Octave of Christmas (26th December, 2018)
Feast of St. Stephen
First Reading: Acts 6:8-10; 7:54-59 (Lord Jesus, receive my spirit)
Gospel: Mt 10:17-22 (Everyone will hate you because of me)
We just celebrated the birth of Christ joyously. The season of advent accompanied by prayer and charity culminated in remembering his birth with grateful hearts. Soon after the glorious moments of yesterday’s celebration which is still in our mind and heart, today we are invited to celebrate the feast of St. Stephen, the first among those chosen by the apostles.
The central theme of Christmas, as we know, is “God with us”. This is both consoling as well as encouraging message for us. It is consoling because whatever our earthly life may be both in sad and happy moments of life, God is with us. It is as the book of Habakkuk would say, “Though the fig tree does not blossom and there are no grapes on the vines, though the olive crop fails and the fields produce no food, though there are no sheep in the pen and no cattle in the stalls, yet I will rejoice in the LORD, I will be joyful in God my Savior” (Hab 3:17-18). It is a call for us to be content with our life because God is with us. It is also an encouraging message for us. For, as He is with us, we can face any bad and adverse situation in His name.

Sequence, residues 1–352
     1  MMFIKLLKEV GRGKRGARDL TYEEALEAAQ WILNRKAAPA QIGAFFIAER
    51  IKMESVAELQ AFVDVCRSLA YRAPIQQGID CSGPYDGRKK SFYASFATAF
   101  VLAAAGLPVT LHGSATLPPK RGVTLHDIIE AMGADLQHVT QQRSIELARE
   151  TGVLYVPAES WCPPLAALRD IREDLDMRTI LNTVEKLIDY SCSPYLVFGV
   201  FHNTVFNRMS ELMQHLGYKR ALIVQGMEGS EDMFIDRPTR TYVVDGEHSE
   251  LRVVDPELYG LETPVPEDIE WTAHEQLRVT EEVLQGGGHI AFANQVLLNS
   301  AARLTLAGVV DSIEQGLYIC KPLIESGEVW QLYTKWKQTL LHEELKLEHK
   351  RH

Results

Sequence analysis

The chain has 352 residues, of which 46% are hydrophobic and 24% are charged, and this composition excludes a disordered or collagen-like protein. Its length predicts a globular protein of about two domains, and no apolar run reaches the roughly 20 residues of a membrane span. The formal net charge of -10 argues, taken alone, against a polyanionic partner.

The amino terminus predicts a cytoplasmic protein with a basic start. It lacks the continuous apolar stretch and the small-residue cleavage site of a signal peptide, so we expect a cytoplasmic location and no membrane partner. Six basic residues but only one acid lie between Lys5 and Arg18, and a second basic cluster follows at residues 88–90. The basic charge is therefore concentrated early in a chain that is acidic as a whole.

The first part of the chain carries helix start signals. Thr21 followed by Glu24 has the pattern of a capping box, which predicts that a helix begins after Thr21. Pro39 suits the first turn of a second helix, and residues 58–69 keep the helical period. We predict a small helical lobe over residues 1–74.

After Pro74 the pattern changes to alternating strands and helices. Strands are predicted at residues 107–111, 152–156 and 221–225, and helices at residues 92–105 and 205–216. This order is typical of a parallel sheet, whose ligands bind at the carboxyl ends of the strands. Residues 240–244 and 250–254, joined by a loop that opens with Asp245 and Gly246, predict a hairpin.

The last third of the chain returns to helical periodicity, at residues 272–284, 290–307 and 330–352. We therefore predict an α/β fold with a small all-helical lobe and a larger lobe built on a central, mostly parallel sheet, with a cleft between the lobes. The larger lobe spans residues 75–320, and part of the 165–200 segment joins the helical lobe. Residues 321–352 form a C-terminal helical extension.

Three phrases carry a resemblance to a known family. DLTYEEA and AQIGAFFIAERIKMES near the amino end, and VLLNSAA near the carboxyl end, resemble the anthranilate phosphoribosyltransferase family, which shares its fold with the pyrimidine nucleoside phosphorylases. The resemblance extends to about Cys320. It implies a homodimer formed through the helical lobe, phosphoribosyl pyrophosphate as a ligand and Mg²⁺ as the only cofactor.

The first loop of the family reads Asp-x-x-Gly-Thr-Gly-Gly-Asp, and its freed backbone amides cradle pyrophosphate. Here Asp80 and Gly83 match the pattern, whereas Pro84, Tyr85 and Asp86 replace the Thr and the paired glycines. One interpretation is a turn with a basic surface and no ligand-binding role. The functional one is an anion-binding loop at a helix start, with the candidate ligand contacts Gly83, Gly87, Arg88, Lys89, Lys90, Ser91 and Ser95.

This is the message St. Stephen gives us in our life. In fact, we find that he was chosen not to be a preacher or a miracle worker but to take care of the food distribution. The Acts of the Apostles has many praises as it says, “Stephen, full of the Holy Spirit, looked up to heaven and saw the glory of God, and Jesus standing at the right hand of God. “Look,” he said, “I see heaven open and the Son of Man standing at the right hand of God” (Act 7:54-56) ”. We can bear two lessons from him. The first is that the reason for his choice was because he was full of Holy Spirit and yet he was content to do the ordinary course of works he was entrusted with. Secondly although he was subjected to the severest punishment one can receive for the sake of the Gospel, he was glad to receive it and true to being the disciple of Jesus, he surrenders his spirit to the Lord and had the courage and mind to forgive the enemies As He says, “Lord Jesus, receive my spirit.” Then he fell on his knees and cried out, “Lord, do not hold this sin against them (AA 7:59-60). His life has become a great model for to follow. God entrusts us with various apostolate to carry out. We need to examine ourselves to see if we are looking for a greater engagement where personal ends will be met with or happy to do any apostolate in His name and for his people. The second question is if we are ready to forgive the enemies who torture us for the Gospel we are preaching and the mission we are carrying out. Amen.